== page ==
' may be as much as them more pounds, under heavy load conditions. With the arrangement shown in Fig. -1, the steam washer B mustthe'refore be located at a level definitely above the boiler water level, to enable the steam washer to drain freely to the boiler. The location of the steam Washer B at alevel below the boiler water level may be made possible by the provision of a pump for returning drainage from the washer to the boiler, or by the provision of means for delivering the water drained from the washer to some receiver or Water-using apparatus to which the drainage water may be delivered at a pressure lower than the boiler pressure. It is possible also, to use the general principles of the steam washing apparatus shown in Figs. 1, 2 and 3, in washing steam with pure water and thereby'obtaining a washed and dried steam with a smaller solids content than is possible, other things being equal, when impure boiler feed water is used as the wash water.
One plant arrangement or form, in which the relative washer and boiler levels is important, and in which pure wash water is used is diagrammatically illustrated in Fig. 4. The boiler A, washer B, and. super-heater A of the plant shown in Fig. 4, may be exactly like the corresponding parts of the plant shown in Fig. 1, and the wash- .er B may be connected'to the boiler steam outlet and to the superheater exactly as in Fig. 1. In Fig, 4, however, the main and emergency drain pipes M and 0, respectively, are connected to the inlets of steam traps Q and QA, respectively, which have their discharge outlets connected to the inlet of a flash tank R, in which'the pressure is below boiler pressure, and may well be but little above atmospheric pressure.
The water discharged by the traps Q and QA,
at a temperature but little below the boiler steam temperature, is subjected to a flashing action in the flash tank R, by which a portion, dependent in amount on the boiler and flash tank pressures, is evaporated. The steam thus formed in the flash tank R passes away from the latter through a steam pipe R. The water not evaporated in the flash tank R is discharged from the latter through a pipe R In the arrangement shown in Fig. 4, the pipe R leads to the inlet of a trap QB employed to pass water intoan open feed water heater S which may be a deaera ting heater, to which boiler makeup water is passed by the water supply pipe P, through a regulating valve S. A float S in theheater 6, opens and closes the valve S as required'to maintain an approximately constant water level in the heater.
In the plant'arrang'ement shown in Fig. 4, the boiler feed water is passed to the boiler by the boiler feed pump V, through a feed line including pipe sections P 9, P and P and th water heating space of aclosed water heater W. As much of the condensate formed in the steam space of the heater Wand collecting in its hot well or receiver W, as is required for steam washing is passed by a separate pump Y through a pipe P and throttling valve W to the Wash water supply branches P and P of the washer B. The pump Y maybehand controlled and the valve W may be a handadjusted gate valve. As diagrammatically shown, the boiler feed line section P includes a boiler feed regulator P and a nonreturn valve N Condensate normally accumulates in the hot well or receiver W in excess of the wash water requirements and overflows through th pipe W'- to the trap QB by which it is discharged into the heater S. The steam used in heating the boiler-feed water in the heaters S and W may be taken from any available source or sources. Advantageously, it includes the flash steam discharged from the flash tank R through th pipe R, and as shown in Fig. 4, the pipe R delivers the flash steam to the steam inlet of the heater W. The additional steam utilized in the heater W, is bled through a pipe T from an intermediate stage of a steam turbine T, and steam bled from a lower pressure stage of that turbine through a pipe T, is employed to heat the water passing through the heater S.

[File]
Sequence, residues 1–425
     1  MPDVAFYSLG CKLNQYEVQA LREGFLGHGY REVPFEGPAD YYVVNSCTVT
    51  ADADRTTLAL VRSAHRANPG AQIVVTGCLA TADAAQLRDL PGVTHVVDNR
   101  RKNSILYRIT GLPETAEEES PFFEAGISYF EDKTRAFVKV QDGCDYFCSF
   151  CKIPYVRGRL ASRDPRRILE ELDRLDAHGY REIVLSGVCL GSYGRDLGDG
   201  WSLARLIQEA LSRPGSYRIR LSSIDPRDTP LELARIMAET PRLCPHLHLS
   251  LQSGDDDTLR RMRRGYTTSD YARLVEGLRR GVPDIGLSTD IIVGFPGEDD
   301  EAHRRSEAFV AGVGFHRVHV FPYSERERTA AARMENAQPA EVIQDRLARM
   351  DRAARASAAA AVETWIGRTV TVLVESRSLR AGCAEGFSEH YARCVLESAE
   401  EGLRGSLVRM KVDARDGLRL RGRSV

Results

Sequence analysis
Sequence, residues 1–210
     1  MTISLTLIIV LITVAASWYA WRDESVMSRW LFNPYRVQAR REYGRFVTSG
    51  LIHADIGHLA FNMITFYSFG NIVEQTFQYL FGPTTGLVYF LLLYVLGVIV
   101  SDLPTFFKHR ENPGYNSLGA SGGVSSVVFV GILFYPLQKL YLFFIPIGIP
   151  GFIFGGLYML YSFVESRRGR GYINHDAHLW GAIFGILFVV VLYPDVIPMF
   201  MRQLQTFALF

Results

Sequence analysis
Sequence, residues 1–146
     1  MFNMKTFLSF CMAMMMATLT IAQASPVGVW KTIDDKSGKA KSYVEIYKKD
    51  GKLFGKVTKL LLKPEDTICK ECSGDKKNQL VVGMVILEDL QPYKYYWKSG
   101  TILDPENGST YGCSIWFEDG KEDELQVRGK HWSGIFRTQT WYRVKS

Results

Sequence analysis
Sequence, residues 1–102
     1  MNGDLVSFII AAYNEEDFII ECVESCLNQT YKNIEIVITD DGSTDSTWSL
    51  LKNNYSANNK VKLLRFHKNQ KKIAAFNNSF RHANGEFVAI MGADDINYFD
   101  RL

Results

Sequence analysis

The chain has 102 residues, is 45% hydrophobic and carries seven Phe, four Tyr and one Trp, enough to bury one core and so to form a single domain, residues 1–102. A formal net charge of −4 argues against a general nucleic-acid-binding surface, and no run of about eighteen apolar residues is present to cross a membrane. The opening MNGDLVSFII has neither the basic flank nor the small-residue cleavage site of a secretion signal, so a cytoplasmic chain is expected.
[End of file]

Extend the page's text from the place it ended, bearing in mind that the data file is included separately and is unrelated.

While the arrangement shown in Fig. 4 is somewhat lesssimple than that shown in Fig. 1, the Fig. 4 arrangement possesses the advantages that it provides, and makes use of, pure wash water, and it permits the washer to be located below the boiler water level, and attains those advantages, moreover, without significant im-' palrment of the high operating efficiency of the arrangement shown in Fig. 1.
While the invention in its broader aspects permits the use of other forms of washing apparatus, the particular form illustrated is compact and efficient, and makes use of water separating and drainage 'expedients of well tested merit which have been successfully employed in the extensively used receiver separator for eliminating water and oil from steam, disclosed in the Fowler Patent 1,869,371, filed Aug. 1, 1932.